An engulfing pattern is an excellent trading opportunity because it can be easily spotted and the price action indicates a strong and immediate change in direction. In a downtrend an up candle real body will completely engulf the prior down candle real body (bullish engulfing). In an uptrend a down candle real body will completely engulf the prior up candle real body (bearish engulfing).

The pattern is highly tradable because the price action indicates a strong reversal since the prior candle has already been completely reversed. The trader can participate in the start of a potential trend while implementing a stop. In Figure 3 we can see a bullish engulfing pattern that results in the emergence of an upward trend. The entry is the open of the first bar after the pattern is formed, in this case 1.4400. The stop is placed below the low of the pattern at 1.4157. There is no distinct profit target for this pattern. (For more on candlestick charting, read The Basic Language Of Candlestick Charting.)

Figure 3: EUR/USD Daily – Bullish Engulfing Pattern

Ichimoku Cloud Bounce
Ichimoku is a technical indicator that overlays the price data on the chart. While patterns are not as easy to pick out in the actual Ichimoku drawing, when we combine the Ichimoku cloud with price action we see a pattern of common occurrences. The Ichimoku cloud is former support and resistance levels combined to create a dynamic support and resistance area. Simply put, if price action is above the cloud it is bullish and the cloud acts as support. If price action is below the cloud, it is bearish and cloud acts as resistance.

The "cloud" bounce is a common continuation pattern, yet since the cloud's support/resistance is much more dynamic that traditional horizontal support/resistance lines it provides entries and stops not commonly seen. By using the Ichimoku cloud in trending environments, a trader is often able to capture much of the trend. In an upward or downward trend, such as can be seen in Figure 4, there are several possibilities for multiple entries (pyramid trading) or trailing stop levels. (To learn more about Ichimoku charts, check out An Introduction To Ichimoku Charts In Forex Trading.)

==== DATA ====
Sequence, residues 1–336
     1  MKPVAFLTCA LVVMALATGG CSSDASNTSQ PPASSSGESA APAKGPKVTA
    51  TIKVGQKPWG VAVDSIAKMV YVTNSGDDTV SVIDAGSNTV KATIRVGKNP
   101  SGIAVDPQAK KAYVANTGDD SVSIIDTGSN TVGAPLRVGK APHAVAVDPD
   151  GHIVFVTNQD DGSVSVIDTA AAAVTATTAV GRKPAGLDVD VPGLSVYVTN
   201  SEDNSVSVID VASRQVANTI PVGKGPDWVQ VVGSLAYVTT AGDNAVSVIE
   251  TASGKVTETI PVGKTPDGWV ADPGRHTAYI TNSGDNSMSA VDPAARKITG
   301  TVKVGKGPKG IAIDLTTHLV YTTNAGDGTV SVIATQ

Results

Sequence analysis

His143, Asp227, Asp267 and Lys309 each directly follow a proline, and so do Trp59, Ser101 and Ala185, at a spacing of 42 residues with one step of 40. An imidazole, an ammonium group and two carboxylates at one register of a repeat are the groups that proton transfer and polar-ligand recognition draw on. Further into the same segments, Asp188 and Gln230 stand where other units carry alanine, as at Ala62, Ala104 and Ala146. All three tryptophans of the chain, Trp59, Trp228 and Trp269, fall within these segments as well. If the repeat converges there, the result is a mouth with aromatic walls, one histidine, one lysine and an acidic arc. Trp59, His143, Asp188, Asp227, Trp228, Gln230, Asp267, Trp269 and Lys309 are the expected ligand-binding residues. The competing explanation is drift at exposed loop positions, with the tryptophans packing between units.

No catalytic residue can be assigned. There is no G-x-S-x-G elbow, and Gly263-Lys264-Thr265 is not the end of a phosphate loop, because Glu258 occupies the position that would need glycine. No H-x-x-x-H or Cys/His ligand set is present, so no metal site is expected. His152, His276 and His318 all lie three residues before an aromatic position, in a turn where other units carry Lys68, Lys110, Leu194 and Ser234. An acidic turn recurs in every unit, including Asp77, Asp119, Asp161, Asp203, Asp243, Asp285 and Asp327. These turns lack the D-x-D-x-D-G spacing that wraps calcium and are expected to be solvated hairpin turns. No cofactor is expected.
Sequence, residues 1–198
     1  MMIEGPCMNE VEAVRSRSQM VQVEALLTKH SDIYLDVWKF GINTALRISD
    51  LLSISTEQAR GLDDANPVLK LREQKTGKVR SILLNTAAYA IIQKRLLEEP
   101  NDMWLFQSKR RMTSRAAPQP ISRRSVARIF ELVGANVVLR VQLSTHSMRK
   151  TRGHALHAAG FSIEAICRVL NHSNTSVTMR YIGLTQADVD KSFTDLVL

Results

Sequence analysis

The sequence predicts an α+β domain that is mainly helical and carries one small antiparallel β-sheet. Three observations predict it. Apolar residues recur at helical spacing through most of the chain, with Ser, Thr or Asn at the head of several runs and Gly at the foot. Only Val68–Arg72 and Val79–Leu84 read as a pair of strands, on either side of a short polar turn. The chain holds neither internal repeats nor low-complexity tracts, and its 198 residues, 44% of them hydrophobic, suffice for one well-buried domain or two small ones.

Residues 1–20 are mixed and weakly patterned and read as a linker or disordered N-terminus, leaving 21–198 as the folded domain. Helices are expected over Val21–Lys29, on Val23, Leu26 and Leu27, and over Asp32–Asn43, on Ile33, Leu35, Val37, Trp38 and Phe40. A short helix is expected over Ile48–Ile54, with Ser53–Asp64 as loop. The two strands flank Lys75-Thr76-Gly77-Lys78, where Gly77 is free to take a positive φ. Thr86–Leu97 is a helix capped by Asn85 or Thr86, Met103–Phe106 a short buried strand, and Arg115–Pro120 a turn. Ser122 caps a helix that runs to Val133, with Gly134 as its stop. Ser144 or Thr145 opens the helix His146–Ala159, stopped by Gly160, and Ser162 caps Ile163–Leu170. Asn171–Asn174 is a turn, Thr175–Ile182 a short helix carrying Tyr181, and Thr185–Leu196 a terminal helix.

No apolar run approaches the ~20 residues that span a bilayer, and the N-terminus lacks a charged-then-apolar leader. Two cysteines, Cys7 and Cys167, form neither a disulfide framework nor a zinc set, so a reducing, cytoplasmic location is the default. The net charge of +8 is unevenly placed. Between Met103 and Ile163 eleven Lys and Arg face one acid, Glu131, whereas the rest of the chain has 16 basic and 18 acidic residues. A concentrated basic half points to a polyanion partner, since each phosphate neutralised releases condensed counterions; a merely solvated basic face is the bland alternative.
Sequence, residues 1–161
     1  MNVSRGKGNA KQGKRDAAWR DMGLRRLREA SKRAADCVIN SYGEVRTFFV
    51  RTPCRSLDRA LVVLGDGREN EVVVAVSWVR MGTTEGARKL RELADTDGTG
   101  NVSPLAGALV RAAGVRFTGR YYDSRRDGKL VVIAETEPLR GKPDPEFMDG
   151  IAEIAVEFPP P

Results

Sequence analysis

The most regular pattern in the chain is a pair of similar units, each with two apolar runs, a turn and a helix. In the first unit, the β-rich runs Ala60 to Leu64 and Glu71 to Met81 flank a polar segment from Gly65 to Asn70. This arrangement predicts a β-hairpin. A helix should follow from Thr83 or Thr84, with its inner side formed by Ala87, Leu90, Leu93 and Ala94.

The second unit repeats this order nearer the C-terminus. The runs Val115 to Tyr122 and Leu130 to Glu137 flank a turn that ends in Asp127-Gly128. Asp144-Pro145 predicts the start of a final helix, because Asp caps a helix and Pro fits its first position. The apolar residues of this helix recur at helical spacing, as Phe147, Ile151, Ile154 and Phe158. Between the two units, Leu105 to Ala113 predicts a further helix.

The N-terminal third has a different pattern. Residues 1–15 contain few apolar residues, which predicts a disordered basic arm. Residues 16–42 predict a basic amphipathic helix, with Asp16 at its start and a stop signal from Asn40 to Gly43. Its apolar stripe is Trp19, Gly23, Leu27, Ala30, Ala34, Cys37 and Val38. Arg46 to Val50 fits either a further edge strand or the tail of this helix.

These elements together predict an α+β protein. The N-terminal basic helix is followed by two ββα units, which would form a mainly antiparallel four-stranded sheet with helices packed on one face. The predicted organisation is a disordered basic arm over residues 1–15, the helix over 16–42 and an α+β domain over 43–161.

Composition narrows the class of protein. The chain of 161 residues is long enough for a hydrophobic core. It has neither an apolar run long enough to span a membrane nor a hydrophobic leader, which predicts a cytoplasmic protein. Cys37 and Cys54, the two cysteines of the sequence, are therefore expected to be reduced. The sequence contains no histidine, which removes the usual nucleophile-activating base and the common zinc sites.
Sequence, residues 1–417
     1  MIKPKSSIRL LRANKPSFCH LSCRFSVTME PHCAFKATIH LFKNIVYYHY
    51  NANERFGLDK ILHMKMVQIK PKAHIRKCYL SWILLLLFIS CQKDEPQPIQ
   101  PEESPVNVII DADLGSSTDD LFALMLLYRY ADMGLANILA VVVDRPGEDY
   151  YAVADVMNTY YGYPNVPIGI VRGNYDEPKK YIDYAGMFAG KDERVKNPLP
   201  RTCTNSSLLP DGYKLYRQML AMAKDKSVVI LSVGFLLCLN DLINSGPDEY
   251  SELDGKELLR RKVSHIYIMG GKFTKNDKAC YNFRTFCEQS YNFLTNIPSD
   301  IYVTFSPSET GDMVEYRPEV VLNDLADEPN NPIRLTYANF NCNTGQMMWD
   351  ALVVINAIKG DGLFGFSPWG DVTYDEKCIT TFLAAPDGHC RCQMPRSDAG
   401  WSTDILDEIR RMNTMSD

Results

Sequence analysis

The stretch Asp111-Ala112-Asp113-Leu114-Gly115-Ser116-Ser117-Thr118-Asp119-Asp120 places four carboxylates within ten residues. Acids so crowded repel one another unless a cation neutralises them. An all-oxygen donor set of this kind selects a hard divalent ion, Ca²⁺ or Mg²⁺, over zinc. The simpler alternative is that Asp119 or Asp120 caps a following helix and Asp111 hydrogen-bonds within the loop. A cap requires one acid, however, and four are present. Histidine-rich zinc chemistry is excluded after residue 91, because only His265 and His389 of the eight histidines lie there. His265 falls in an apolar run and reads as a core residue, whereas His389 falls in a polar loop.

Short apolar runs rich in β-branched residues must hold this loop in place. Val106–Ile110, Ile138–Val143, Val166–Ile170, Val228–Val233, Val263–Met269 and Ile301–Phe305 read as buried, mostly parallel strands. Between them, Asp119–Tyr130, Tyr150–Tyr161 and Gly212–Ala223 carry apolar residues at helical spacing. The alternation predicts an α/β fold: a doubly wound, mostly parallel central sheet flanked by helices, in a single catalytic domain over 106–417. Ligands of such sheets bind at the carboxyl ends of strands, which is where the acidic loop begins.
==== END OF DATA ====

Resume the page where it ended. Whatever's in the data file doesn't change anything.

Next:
Figure 4: USD/CAD – Ichimoku Cloud

In a decline that began in September, 2010, there were eight potential entries where the rate moved up into the cloud but could not break through the opposite side. Entries could be taken when the price moves back below (out of) the cloud confirming the downtrend is still in play and the retracement has completed. The cloud can also be used a trailing stop, with the outer bound always acting as the stop. In this case, as the rate falls, so does the cloud – the outer band (upper in downtrend, lower in uptrend) of the cloud is where the trailing stop can be placed. This pattern is best used in trend based pairs, which generally include the USD.

Bottom Line
There are multiple trading methods all using patterns in price to find entries and stop levels. Chart patterns, which include the head and shoulders as well as triangles, provide entries, stops and profit targets in a pattern that can be easily seen. The engulfing candlestick pattern provides insight into trend reversal and potential participation in that trend with a defined entry and stop level. The Ichimoku cloud bounce provides for participation in long trends by using multiple entries and a progressive stop. As a trader progresses they may wish combine patterns and methods to create a unique and customizable personal trading system. (To help you become a trader, check out How To Become A Successful Forex Trader.)